With the recent warm weather and increasing ocean temperatures, Jersey Shore anglers say catches of the prized striped bass are spiking.
Outervention Charters operator Tim Husar, who has been running regular missions from his Shark River port up to the Raritan Bay, says the striper season is “heating up.”
“Bigger head boats are anchored up from the tip of Sandy Hook all the west to the NJ Transit train bridge. 35-40 pound striped bass have been caught on bunker chunk, clams, storm shade and also on trolling,” he says.
Substantial bunker pods, a bait fish that stripers chase, have been spotted along the New Jersey shoreline, Husar says, adding that surf anglers have been having success with bunker and lures on incoming tides.
Husar says striper activity should increase in the ocean as ocean waters pass the 55 degree mark, and that will also spawn another annual migration: bluefish.
Large “gator” blues have been caught in the Barnegat Bay and a few on clams and bunker along the ocean surf, according to the charter boat operator.
— Surf City B&T (@SurfCityBT) April 22, 2017
Betty and Nicks Bait and Tackle’s John Bushell Jr. reported “big” bluefish off Seaside Park Saturday morning and striped bass activity in the Barnegat Bay.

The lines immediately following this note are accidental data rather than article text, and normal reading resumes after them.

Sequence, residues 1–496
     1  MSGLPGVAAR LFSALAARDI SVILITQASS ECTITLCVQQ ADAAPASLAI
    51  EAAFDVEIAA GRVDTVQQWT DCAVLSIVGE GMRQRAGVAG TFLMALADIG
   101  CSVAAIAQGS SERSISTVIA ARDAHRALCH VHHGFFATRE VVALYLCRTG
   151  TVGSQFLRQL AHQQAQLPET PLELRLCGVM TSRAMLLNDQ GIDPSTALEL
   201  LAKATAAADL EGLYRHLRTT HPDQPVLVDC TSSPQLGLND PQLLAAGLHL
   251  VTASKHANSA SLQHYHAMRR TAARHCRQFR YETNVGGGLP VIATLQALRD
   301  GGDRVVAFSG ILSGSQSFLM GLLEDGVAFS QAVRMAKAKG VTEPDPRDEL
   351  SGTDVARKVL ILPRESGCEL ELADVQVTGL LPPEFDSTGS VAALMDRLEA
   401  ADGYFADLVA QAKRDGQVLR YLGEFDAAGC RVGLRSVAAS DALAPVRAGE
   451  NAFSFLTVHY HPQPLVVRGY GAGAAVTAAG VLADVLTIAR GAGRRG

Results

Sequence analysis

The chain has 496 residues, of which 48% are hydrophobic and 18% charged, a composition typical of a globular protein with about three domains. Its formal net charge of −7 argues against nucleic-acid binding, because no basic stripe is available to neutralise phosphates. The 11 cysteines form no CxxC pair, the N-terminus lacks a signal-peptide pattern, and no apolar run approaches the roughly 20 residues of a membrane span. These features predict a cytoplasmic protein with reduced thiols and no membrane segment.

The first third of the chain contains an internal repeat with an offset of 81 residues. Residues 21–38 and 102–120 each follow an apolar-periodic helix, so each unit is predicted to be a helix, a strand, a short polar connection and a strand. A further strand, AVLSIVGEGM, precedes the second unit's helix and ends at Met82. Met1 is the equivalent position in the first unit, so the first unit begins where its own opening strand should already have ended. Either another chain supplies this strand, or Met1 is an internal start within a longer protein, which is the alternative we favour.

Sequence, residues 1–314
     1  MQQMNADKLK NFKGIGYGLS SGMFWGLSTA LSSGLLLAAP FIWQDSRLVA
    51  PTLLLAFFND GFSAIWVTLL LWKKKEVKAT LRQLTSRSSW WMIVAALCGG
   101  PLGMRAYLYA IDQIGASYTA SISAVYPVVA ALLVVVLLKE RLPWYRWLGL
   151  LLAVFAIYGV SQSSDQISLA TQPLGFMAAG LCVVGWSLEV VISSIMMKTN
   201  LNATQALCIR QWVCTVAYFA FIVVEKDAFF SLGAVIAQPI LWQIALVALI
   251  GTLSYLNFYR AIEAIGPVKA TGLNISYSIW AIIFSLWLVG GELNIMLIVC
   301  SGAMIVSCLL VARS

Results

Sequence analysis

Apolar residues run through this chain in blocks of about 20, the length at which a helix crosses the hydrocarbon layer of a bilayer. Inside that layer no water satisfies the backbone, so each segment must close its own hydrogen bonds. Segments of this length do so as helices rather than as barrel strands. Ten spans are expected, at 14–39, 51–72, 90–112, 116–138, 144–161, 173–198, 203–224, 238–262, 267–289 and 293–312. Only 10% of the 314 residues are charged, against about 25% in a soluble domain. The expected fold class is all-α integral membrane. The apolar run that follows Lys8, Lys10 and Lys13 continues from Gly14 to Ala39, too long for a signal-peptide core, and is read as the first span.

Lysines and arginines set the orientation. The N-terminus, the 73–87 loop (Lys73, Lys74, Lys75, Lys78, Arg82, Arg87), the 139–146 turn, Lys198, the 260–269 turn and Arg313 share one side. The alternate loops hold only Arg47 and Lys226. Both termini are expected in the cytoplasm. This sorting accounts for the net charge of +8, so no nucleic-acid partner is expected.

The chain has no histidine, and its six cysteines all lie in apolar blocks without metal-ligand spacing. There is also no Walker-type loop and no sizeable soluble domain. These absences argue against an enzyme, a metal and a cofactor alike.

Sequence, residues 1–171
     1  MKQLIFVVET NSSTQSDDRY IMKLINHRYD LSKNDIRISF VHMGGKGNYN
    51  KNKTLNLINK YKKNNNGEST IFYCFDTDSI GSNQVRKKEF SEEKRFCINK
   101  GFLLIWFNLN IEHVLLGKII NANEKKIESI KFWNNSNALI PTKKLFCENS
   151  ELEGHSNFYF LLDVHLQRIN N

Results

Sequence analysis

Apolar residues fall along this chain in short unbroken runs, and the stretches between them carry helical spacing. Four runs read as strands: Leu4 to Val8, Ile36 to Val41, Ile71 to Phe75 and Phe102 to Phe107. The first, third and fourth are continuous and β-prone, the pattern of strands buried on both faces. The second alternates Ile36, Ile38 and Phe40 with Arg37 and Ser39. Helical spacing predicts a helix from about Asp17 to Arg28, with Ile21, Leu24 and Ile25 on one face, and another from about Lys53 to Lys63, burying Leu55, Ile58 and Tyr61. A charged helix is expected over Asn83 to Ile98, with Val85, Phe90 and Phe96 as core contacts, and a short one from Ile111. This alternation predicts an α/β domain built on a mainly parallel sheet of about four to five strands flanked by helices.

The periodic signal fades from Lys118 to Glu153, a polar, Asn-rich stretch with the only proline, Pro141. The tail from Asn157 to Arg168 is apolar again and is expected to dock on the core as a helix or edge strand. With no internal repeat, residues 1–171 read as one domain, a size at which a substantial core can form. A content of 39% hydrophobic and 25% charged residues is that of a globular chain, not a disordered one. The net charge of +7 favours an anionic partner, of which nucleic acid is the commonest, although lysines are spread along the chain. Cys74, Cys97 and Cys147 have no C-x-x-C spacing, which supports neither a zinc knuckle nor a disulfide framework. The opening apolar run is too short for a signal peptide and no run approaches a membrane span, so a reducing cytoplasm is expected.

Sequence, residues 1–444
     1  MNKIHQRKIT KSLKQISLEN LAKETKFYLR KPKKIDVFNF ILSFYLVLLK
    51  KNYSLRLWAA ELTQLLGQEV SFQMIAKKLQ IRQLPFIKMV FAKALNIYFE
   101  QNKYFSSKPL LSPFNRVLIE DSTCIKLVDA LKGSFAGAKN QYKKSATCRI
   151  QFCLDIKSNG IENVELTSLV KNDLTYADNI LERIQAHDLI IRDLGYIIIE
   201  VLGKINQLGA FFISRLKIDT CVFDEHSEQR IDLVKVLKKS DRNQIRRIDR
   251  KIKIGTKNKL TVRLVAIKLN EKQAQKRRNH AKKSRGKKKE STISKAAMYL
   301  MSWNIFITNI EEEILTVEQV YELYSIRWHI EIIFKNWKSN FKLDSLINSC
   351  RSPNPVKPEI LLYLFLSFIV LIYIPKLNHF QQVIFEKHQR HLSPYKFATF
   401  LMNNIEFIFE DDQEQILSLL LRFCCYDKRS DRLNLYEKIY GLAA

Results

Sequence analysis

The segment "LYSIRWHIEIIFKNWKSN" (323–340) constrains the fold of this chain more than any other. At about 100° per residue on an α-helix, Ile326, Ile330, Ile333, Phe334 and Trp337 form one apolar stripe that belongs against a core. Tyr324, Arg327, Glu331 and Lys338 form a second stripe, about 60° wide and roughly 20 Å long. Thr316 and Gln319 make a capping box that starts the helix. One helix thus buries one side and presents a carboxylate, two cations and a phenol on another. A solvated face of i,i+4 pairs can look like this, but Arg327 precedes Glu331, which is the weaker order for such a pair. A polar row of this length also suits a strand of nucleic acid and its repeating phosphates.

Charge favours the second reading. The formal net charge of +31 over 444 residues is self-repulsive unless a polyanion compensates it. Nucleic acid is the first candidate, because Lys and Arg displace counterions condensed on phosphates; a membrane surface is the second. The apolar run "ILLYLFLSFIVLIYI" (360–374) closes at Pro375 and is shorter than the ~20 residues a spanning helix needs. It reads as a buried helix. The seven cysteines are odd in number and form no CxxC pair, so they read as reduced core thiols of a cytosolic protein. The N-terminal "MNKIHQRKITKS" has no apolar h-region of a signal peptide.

Bushell’s Facebook group has been receiving numerous photographs of anglers holding their striped bass catches.
The Beach Haven Charter Fishing Association says fishing continues to improve in the southern shore area.
The association reports that the charter boat, “Irish Jig Sportfishing,” recently hosted a group that caught 14 stripers up to 26-inches.
And in Cape May, Clean Sweep Sportfishing says “school is in session.”
The charter reported that a group caught numerous stripers up to 40 pounds on Saturday.
Striped bass, named for the black stripes that extend along their bodies, are “moderately fatty” with a “rich flavor and a large, firm flake,” according to Bon Appétit magazine.
— Recipes Magazine (@MagazinRecipes) September 23, 2016
New Jersey anglers are permitted to keep one striped bass at 28 inches to less than 43 inches and one at 43 inches or greater. There’s no closed season from the shoreline to three miles offshore, but striper fishing is prohibited greater than three miles.